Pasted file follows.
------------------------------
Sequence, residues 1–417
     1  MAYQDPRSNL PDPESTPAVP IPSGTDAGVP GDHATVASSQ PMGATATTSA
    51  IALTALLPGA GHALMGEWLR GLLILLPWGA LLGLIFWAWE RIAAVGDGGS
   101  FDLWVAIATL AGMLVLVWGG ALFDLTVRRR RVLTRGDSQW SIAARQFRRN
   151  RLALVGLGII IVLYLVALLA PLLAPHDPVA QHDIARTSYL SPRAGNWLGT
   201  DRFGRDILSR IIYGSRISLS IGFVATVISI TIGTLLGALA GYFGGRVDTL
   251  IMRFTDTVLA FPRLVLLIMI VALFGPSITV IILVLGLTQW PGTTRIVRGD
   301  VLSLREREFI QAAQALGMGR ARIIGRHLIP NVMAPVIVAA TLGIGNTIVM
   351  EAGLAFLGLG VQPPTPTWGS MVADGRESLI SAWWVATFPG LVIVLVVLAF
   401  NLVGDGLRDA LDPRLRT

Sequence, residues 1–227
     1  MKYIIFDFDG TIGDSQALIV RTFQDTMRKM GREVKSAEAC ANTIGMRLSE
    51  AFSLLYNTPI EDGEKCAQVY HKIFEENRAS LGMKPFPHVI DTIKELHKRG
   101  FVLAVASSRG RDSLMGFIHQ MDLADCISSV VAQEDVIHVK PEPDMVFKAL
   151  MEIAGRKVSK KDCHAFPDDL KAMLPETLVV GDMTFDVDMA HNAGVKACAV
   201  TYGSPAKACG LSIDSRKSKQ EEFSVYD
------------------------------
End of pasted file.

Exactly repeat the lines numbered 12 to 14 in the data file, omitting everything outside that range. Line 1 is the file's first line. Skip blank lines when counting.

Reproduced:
     1  MKYIIFDFDG TIGDSQALIV RTFQDTMRKM GREVKSAEAC ANTIGMRLSE
    51  AFSLLYNTPI EDGEKCAQVY HKIFEENRAS LGMKPFPHVI DTIKELHKRG
   101  FVLAVASSRG RDSLMGFIHQ MDLADCISSV VAQEDVIHVK PEPDMVFKAL